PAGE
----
On 9/6/11 10:05 PM, Jake Mannix wrote:

On Wed, Sep 7, 2011 at 1:02 AM, Avery Ching <ach...@apache.org <mailto:ach...@apache.org>> wrote:

    Yeah, one edge is pretty silly.  To get some real numbers, I
    should try it out with a more realistic (power-law distributed)
    bit of synthetic data.

I'll see if I can write up some simple extensions of the PageRank benchmark to test this out. Added https://issues.apache.org/jira/browse/GIRAPH-26 to track it.

    Lots of questions here, I'll try my best. =)  Basically the idea
    is that as a sorted map, the user would be able to know that the
    edges are sorted by their destination ids.  Range based edge
    queries are possible (i.e. the edges with destinations from
    com.yahoo.www to com.zillow.www).  Basically this would give the
    users a bit more functionality than a basic map.  A list would
    require a full scan to find/remove an edge.

I see, that makes sense. I wonder if inverting the API a bit would make sense, instead of exposing such a concrete inner domain object like the actual SortedMap? By this, I mean: if you want to search / subselect edges by some criterion, then instead of having the caller do

  for(Edge<E,V> edge : getOutEdgeMap().values()) {
    // select edges you want to do something with

  you expose to the caller:

public Collection<Edge<E,V>> filterEdges(Predicate<Edge<E,V>> filter), which the caller can use like

  for(Edge<E,V> edge : filterEdges(new Predicate<Edge<E,V>>() {
    boolean apply(Edge<E,V> e) {
return e.getVertexId().compareTo("com.zillow.www") >= 0 && e.getVertexId().compareTo("com.yahoo.www") < 0;
  }) {
    // do stuff on the edges you wanted to get

I'm not sure that this is precisely the right API, but exposing the inner SortedMap definitely has a "leaky abstraction" smell to it to me, especially where there are no examples or algorithm implementations in the codebase which currently *need* this to be exposed in such a way.
We could expose just the Map and provide helper methods as you suggest. It's a thought. You're right that it's not used in this way in any examples.

    As far as why not (Sorted)Map<I, E>, I believe we actually used to
    have that interface and I changed it use the Edge class.  This was
    primarily done since Edge objects would be used for edge requests
    (i.e. void addEdgeRequest(I sourceVertexId, Edge<I, E> edge)
    stores the add edge request with the Edge object in a list.  I
    think I also changed the user interfaces to use the Edge object
    since I initially thought it might make usage it a little clearer
    for users (i.e. edge.getDestVertexid() and some of the
    serialization a little simpler, but looking at it now, that might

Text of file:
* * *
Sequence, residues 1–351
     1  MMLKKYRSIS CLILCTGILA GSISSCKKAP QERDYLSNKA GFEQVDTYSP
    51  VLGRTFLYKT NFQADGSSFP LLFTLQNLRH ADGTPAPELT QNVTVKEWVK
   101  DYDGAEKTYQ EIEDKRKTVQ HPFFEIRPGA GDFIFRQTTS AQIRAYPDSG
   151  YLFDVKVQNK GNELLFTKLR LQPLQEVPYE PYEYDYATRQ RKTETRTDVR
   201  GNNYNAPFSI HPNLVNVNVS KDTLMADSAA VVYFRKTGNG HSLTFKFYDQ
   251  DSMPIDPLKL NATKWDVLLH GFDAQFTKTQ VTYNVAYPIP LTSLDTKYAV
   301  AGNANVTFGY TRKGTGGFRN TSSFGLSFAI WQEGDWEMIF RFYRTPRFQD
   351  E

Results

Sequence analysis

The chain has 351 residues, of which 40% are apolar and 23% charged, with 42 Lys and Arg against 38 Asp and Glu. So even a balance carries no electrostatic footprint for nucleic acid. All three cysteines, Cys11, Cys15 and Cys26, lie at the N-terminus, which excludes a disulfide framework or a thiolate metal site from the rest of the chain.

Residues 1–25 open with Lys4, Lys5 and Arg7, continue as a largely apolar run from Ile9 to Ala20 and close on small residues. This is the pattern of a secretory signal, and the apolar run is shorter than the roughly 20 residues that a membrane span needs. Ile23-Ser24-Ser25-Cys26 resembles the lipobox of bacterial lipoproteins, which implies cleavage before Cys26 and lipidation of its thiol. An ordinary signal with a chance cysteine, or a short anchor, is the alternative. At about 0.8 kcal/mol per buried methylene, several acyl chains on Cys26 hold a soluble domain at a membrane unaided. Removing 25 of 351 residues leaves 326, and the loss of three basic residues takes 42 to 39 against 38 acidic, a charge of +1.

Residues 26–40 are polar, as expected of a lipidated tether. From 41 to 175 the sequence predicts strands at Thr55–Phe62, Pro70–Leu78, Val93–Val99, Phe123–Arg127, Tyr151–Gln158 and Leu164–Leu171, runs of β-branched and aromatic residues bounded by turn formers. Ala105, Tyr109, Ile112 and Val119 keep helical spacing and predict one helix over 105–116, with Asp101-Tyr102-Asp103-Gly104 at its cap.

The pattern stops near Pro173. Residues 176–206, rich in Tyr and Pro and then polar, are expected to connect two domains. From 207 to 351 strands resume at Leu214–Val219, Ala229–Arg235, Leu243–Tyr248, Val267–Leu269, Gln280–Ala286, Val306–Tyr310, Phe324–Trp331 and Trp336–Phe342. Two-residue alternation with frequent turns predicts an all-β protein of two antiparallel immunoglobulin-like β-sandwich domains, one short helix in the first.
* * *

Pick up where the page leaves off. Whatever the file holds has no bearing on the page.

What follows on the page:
not be the case.  We can probably go back to Map<I, E> or
    SortedMap<I, E> to save some memory and internally use the Edge
    object to store the add edge requests.

I can see how the Edge object is nice, it does seem like a better api then basically just a Map<I,E>. Why not a sorted List<Edge<I,E>>, then, where the Comparator ignores the edge value, but only sorts by the dest vertexId? Because the contract of List doesn't *require* the sort order to remain fixed, I guess? This yet again underscores for me the "spidey-sense" wrongness of exposing the SortedMap exactly as it is. Maybe just expose the methods on a map that are expected to be needed, and methods can be added as time goes on?
I think Map over List makes sense for the edges to find them quickly (my personal opinion).

    For my present case, I can probably hack around it by making a
    SortedMap<LongWritable, Edge<LongWritable,FloatWritable>> which
    implements that interface, yet is backed by a
    primitive map, but I'm trying to understand what the API is
    trying to support...
    Hope my explanation helped somewhat.

Yes, definitely. But I've run into some ugly ugliness when I tried to run my code:

Problem 1) static mutable state (ew!) - lots of references to Vertex.setSuperStep(), Vertex.setNumVertices(), Vertex.setNumEdges(), Vertex.setGraphMapper(), etc... which means that implemeting BasicVertex / MutableVertex isn't good enough, you have to actually be a subclass of Vertex! :\

Oh, you found our dirty little secret. =) Yes, we do have static mutable state. The concern is that if every vertex actually keeps track of all those things as members, I think a decent amount of memory would be wasted. I'm sure there is a cleaner way to implement this though (i.e. Flyweight pattern perhaps), just never got around to fixing it.
Problem 2) Vertex.class is directly referenced as the base class in places like BspUtils, etc.

We never expected to have another base Vertex class. =)
So some refactoring may be necessary to even try out this Object -> primitive test (well, my code *compiles*, but won't run on account of problems 1 and 2 above - runtime exceptions galore), even after I "faked" a SortedMap by implementing a slimmed down delegator class.

Most likely the easiest solution would be to pull out a AbstractVertex class, which holds this ugly static state, and make said state protected, instead of private, and have Vertex and LongDoubleFloatDoubleVertex both subclass it, and change reflection references from setClass(VERTEX_CLASS, vertexClass, Vertex.class); to setClass(VERTEX_CLASS, vertexClass, AbstractVertex.class);

That sounds reasonable. One thing we have thought about is compressing the vertices in memory at the cost of some CPU. While this is orthogonal, they are both efforts to conserve memory.
But the *right* solution is to remove that static stuff. Why is it there, anyways? Why doesn't GraphMapper just call
directly on each of the BasicVertex's in serviceWorker.getVertexRangeMap()?

Memory consumption (see above), these are aggregate members for all the vertices.

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